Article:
Nelsons’ Mahler mastery on display in BSO’s heavenly “Resurrection” symphony

October 26, 2018 at 1:55 pm

By Aaron Keebaugh

Andris Nelsons conducted the Boston Symphony Orchestra in Mahler's Symphony No. 2 with soloists Bernarda Fink and Ying Fang Thursday night. Photo: Winslow Townson

Andris Nelsons conducted the Boston Symphony Orchestra in Mahler’s Symphony No. 2 with soloists Bernarda Fink and Ying Fang Thursday night. Photo: Winslow Townson

Two years ago, the manuscript of Gustav Mahler’s Symphony No. 2 was sold at Sotheby’s for 4.5 million pounds to a buyer who continues to remain anonymous. The purchase of the score for such a record-breaking sum is an ironic twist given the symphony’s theme.

For even though the document — once owed by controversial Mahler enthusiast Gilbert Kaplan — only moved in the circles of the very rich, the message captured in its ink strokes speaks to the masses. In Mahler’s depiction of the afterlife, which he articulated in this work, all people return to the divine as equals. As he stated in his program for this “Resurrection” Symphony, “There are no sinners, no just.” The thrust of the score comes in its conclusion, where Mahler, drawing upon the writing of poet Friedrich Gottlieb Klopstock as well as his own verse, portrays a vivid view of heavenly bliss.

When the Boston Symphony Orchestra and the Tanglewood Festival Chorus, led by Andris Nelsons, reached this section of the symphony Thursday night at Symphony Hall, Mahler’s vision rang clearly and offered solace in the face of the kind of Nietzschean pessimism that pervades our often profane times.

In his five years as music director of the BSO, Nelsons’ approach to Mahler’s music has only deepened. Though his early outings with the orchestra in the composer’s Sixth Symphony tended to focus too much on the details, he has since arrived at a firm sense of direction and momentum that makes the music come alive. Details, though, are aplenty in Mahler’s world-embracing Second, but Nelsons sculpted each phrase to fit within a larger, teleological whole. Tempo shifts, though occasionally abrupt, never felt jarring or out of place.

The first movement’s funeral march was dark and brooding. Throughout its 24-minute length, the music churned urgently whenever the main theme recurred. Contrasts were bold. The second theme glowed softly in the strings and winds, while solo English horn and oboe cast a brief pastoral scene.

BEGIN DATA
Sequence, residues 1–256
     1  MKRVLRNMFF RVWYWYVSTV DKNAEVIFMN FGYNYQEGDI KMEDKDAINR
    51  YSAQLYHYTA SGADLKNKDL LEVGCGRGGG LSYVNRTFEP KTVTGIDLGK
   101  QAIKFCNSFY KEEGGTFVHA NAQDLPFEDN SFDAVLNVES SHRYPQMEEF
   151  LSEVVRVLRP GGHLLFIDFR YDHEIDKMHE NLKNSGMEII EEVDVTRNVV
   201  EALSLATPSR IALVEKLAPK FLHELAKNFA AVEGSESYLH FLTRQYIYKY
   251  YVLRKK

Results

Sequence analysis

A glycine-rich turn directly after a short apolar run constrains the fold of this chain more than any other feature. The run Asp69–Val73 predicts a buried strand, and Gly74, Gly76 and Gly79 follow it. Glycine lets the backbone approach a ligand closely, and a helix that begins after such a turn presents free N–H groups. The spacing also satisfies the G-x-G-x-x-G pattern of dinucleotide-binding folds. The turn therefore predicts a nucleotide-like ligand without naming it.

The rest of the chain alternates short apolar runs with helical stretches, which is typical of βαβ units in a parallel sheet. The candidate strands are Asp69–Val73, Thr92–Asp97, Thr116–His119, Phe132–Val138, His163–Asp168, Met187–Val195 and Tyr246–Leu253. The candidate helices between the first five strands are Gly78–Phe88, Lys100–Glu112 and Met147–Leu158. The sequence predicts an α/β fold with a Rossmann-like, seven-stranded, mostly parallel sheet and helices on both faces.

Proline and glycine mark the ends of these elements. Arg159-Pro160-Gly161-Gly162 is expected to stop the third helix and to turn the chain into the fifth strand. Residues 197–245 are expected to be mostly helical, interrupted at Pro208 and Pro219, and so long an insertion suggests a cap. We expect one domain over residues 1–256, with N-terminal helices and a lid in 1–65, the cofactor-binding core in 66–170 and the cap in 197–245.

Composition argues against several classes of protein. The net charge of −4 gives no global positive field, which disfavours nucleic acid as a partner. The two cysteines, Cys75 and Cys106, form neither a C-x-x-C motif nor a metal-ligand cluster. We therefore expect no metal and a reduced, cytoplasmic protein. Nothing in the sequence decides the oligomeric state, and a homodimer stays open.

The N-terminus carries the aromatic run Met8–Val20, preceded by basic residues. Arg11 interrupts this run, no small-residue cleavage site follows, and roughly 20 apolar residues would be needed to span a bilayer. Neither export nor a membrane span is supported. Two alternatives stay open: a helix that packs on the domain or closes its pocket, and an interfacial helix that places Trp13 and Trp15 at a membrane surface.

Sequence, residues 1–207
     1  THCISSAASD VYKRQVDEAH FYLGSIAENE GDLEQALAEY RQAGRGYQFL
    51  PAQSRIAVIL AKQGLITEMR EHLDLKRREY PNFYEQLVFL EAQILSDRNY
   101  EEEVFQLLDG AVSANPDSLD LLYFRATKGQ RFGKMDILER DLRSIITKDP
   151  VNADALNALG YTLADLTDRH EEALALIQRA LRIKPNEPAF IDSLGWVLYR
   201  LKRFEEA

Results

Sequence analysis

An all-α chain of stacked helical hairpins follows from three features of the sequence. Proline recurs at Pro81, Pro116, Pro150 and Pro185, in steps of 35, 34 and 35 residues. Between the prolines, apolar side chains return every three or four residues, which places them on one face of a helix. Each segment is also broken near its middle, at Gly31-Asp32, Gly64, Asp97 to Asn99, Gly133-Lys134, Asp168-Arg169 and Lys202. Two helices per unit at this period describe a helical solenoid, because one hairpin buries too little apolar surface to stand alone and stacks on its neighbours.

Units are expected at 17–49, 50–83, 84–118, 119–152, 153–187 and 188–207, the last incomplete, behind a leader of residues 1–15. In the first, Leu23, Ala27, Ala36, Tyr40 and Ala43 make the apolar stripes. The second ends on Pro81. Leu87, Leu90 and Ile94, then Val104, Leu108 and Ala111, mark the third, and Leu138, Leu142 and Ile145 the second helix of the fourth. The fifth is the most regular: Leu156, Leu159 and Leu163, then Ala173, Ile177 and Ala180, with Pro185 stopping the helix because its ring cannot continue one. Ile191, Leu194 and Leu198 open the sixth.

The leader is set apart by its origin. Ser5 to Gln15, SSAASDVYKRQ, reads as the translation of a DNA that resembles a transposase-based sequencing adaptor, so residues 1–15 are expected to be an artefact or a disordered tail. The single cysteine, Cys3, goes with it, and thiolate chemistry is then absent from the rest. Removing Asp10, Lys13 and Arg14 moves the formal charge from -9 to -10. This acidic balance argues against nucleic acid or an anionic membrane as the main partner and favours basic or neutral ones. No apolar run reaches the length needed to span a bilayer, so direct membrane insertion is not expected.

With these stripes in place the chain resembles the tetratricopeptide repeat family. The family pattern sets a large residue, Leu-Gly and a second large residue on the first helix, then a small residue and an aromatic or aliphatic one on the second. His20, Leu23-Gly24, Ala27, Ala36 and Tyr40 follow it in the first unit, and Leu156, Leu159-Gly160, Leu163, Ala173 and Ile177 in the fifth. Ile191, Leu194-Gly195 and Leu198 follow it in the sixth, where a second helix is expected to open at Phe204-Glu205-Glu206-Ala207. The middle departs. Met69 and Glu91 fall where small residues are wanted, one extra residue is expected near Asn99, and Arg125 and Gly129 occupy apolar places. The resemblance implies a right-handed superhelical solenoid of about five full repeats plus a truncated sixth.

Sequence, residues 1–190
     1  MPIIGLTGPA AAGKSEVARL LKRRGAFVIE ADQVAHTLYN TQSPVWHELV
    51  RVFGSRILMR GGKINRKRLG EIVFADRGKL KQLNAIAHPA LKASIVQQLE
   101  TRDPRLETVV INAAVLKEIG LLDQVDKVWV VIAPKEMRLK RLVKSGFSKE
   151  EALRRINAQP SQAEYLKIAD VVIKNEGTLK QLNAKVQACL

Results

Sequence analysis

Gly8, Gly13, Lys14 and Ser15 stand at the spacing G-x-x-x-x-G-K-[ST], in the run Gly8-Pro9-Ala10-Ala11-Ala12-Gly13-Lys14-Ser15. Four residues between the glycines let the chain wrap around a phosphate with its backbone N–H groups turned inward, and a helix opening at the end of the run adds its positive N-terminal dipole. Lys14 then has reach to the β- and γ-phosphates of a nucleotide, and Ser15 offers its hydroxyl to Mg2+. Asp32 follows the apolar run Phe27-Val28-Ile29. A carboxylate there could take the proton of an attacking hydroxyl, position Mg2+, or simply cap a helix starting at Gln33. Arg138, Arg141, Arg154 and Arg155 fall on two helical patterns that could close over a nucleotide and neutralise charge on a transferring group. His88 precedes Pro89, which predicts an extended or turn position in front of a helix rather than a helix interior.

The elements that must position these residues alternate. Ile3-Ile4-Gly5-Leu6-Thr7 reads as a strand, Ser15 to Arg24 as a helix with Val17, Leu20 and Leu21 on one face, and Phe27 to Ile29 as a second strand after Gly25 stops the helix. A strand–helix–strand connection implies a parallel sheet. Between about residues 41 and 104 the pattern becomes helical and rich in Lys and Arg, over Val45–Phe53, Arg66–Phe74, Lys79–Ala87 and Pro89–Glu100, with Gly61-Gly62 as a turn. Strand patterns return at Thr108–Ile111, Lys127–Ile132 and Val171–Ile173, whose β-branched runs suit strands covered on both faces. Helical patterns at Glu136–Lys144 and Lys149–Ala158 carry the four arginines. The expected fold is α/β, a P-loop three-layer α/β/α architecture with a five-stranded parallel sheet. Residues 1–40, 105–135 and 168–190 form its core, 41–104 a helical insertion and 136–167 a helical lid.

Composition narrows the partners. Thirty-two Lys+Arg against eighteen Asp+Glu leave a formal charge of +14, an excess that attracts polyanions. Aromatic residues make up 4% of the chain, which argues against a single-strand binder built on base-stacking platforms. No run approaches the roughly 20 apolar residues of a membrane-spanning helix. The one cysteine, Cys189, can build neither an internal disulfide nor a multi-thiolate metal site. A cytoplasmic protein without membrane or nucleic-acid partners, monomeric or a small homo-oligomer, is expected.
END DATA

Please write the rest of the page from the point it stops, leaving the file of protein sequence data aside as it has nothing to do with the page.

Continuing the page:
Nelsons took the five-minute pause—which Mahler intended—at the close of the first movement. But when he awkwardly addressed the audience to explain the tradition, which is often unobserved these days, the chatter and laughter in the hall killed any seriousness the composer had intended for the moment.

Once the music was again underway, a feeling of reverence returned. The graceful, sunny string melodies of the second movement played like friendly conversation, a cheery diversion from the symphony’s death-haunted opening. Fleet tempos added a slight touch of agitation to the chamber-like textures of the second theme.

Nelsons made the most of the third movement’s slithering melodies and Klezmer-like solo clarinet passages. Shaped with well-placed crescendos, the melodies unfolded into a cataclysmic chord, a piercing death shriek that cut through the air before the music ebbed away.

The “Urlicht” movement, based on a text from Des Knaben Wunderhorn, featured mezzo-soprano Bernarda Fink in light-toned but yearning lines. She had a fine partner in soprano Ying Fang, and both singers floated searching, radiant phrases in the final movement’s “O Glaube.”

The Tanglewood Festival Chorus, prepared by James Burton, sang its part in the finale with hushed intensity and a diction of crystalline clarity. The final chorus, with its certitude that the dead will rise again, produced a triumphant conclusion. Death, as this performance suggested, is merely a doorway into Mahler’s vivid eternity.

To open the concert, Burton led the chorus in the Boston premiere of Maija Einfelde’s Lux Aeterna, which commemorated the 100th anniversary of Latvian independence. Einfelde, like Nelsons, is Latvian, and her music possesses the same intimacy and broadly tonal style as does that of her popular compatriot, Ēriks Ešenvalds.

Throughout its six-minute length, Lux Aeterna makes for intriguing listening. Harmonies crystalize into thorny dissonances, textures are by turns knotty and serene, yet the primary vocal line soars gently and clearly overhead. Crotales added a splash of light to Burton’s supple and delicately shaded reading.

The program will be repeated 8 p.m. Saturday and Tuesday at Symphony Hall.; 888-266-1200

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